This is a bit of a different post than usual. It will come with a lot of explanation before I get to the point. For a long time, I have wanted to talk about buying American, but didn't quite have the right story. Lately, my family and I have put some time into our latest diversion, Jeeping. Right before I deployed, I finally traded in the Civic we had bought when we were scraping by on resident pay, and bought a Jeep. The Civic had actually been built by Americans in Ohio, but there is no escaping the fact that the parent company is foreign. When I bought the Jeep, Daimler Auto Group had finally given up Chrysler to some American venture capitalists, so Jeep was domestic again. Unfortunately, while I was deployed, the price of gas went up about 90 cents/gallon, but you all know that story. It may cost me $12 dollars to get to work and back each day, but it is worth double that price to be going topless, in American steel, with the wind and/or rain blowing through my hair. My son and I have had some fun lately modifying our Jeep.
Yesterday, I had a bit of a disconcerting tool experience. Don't worry, it doesn't involve loss of any parts. I'm building half doors for the Jeep. That in itself is a long story. There is no sense having a Wrangler if I keep the doors on all the time. However, our boys still have a certain spontaneity. I wouldn't put it past them to choose to exit while the Jeep was moving. The stock doors are fine, but half doors give such a great line, and let in more wind. (More wind is good, it tends to tame the noise from the back seat.) Trouble is, half doors aren't free. Tube doors are a little cheaper, but I still think the kids could squeeze through the gaps in the tube frame.
So I decided to throw together a few wooden doors. For $49 dollars, I got the raw materials, and was able to buy a new angle grinder so I could cut the pipes and shape the hinges. The angle grinder was a tough choice. Every label I checked read"Made in China." I was amazed. I always try to buy American, and I would have thought that I would have been able to find "Made in the USA" in the hand tool aisle. I was about to give up and look for a good American-built hacksaw, when I found a Skil 4 1/2 in. grinder, and written on the box was "Hecho in Mexico." I figured that was at least a little better than sending more of our country over to China. Mexico is almost USA, sort of America light. And truth be told, as many friends from South America have reminded me, America means all of us in this hemisphere.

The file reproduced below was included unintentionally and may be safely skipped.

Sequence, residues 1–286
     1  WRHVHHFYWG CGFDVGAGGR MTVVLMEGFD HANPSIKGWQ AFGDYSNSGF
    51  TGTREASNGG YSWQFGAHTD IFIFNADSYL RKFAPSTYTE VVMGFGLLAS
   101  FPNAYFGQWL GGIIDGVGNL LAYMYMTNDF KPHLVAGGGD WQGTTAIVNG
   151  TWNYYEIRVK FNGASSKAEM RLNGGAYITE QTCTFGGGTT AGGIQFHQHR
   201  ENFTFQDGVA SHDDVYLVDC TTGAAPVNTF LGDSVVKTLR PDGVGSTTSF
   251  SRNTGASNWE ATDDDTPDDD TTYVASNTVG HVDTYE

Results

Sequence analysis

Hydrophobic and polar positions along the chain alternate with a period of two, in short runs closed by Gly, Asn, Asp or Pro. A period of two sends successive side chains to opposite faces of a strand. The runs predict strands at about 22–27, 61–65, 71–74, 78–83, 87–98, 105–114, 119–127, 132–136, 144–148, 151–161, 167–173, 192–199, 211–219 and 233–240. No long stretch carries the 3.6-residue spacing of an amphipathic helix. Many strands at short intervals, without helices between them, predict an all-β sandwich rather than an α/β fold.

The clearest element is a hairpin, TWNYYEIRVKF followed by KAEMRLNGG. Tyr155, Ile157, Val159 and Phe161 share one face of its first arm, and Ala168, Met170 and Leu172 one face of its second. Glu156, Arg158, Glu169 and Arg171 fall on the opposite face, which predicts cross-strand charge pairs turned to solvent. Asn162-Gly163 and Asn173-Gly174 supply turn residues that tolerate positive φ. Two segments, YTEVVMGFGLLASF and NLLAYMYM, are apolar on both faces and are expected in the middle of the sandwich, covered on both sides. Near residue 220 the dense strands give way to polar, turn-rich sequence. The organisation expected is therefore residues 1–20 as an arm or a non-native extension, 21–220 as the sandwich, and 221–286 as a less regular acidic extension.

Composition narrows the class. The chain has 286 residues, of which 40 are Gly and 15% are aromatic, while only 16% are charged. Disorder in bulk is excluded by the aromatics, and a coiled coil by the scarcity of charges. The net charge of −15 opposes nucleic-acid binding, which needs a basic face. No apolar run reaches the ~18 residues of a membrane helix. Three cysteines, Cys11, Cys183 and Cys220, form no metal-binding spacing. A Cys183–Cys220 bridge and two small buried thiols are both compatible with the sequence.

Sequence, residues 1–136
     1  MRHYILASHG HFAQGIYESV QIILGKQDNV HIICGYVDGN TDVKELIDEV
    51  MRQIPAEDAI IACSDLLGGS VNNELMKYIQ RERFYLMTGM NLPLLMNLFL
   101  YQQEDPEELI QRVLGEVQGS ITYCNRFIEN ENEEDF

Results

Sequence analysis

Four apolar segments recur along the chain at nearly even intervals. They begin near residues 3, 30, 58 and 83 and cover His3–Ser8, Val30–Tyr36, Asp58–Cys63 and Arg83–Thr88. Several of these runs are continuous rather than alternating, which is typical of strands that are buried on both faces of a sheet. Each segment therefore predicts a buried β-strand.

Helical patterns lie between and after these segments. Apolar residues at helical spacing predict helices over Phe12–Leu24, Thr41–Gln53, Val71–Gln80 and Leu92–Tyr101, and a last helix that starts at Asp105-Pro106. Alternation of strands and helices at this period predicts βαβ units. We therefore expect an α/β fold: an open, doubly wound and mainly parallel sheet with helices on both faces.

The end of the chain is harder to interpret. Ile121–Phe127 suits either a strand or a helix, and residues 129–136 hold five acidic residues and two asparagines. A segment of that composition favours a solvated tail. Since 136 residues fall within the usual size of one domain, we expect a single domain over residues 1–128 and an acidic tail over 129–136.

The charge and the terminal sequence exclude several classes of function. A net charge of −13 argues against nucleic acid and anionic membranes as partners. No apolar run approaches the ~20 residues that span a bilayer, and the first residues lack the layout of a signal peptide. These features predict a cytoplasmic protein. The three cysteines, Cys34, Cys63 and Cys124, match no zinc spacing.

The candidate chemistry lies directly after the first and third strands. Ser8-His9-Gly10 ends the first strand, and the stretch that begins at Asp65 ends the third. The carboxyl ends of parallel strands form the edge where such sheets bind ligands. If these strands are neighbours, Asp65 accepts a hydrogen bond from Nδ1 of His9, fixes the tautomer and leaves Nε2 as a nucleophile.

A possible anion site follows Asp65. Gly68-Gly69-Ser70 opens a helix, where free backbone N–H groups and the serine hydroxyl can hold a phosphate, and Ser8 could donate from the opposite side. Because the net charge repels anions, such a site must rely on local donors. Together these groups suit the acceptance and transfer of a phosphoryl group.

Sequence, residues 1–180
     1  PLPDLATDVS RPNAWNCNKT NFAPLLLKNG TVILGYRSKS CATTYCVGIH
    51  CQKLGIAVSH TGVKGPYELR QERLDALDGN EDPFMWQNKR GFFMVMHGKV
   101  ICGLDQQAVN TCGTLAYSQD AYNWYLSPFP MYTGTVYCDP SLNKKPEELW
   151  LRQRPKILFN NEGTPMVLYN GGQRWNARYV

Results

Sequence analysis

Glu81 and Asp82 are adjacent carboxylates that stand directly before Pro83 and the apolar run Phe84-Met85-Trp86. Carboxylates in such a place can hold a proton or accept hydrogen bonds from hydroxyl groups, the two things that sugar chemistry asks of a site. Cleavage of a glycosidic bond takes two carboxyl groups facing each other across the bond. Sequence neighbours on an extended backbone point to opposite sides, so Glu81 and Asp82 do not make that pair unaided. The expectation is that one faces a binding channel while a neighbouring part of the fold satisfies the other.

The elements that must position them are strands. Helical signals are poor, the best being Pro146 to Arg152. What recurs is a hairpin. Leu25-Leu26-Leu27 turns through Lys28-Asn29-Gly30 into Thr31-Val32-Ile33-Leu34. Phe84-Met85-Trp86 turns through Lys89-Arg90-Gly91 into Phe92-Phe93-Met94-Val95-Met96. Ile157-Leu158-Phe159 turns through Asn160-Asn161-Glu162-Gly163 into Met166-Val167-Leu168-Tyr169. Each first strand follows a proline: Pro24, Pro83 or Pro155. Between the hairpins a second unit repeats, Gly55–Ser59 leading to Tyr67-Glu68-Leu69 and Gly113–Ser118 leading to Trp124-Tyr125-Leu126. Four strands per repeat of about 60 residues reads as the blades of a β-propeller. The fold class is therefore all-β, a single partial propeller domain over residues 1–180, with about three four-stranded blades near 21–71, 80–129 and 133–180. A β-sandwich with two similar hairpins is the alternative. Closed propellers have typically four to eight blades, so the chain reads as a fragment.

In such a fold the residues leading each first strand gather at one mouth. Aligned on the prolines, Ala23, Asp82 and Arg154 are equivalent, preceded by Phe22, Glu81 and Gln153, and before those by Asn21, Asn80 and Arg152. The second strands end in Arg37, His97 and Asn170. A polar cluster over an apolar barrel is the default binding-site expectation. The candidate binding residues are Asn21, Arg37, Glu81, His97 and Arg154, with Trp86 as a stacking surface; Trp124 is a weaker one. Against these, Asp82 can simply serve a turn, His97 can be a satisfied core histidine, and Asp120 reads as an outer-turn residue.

I got the grinder home, along with a few extra cut-off disks, and it worked well. It was pretty sturdy, even though the 90 degree stabilizing handle was plastic, not metal like the larger models I was used to from cutting pipe for chain link fencing. As I coiled the cord to put it away, I took a closer look at the plate on the housing. There in tiny letters was printed, "Made in China." Mert? What could it mean that the box the grinder came in read "Made in Mexico?" Could it mean that only the box was made in Mexico?
I do understand the value of globalization, and manufacture of products where they can be made most efficiently, but it seems to me that we are buying so much garbage from China that we are hurting our own workers and economy. How much weaker can the dollar get? I think if factories from other countries are going to get free access to US consumers, they ought to at least be required to treat their workers at the level regulated for US employees of domestic companies. It would help level the playing field. It is a lot easier to undersell American products when the workers get paid pennies a day.
So, rant aside, the doors are coming along okay. I usually get a few stolen moments to work on them each evening after a night swim with the boys. Chiseling the wood around the brackets for the hinges was like trimming a piece of polypropylene mesh around the spermatic cord when fixing a groin hernia. The doors open smoothly, and lock securely with a three inch carriage bolt. With a couple coats of marine varnish, they should shine. Also, I think the style of natural plywood perfectly compliments the shark tooth grill and the roar of the aftermarket performance muffler my son and I installed.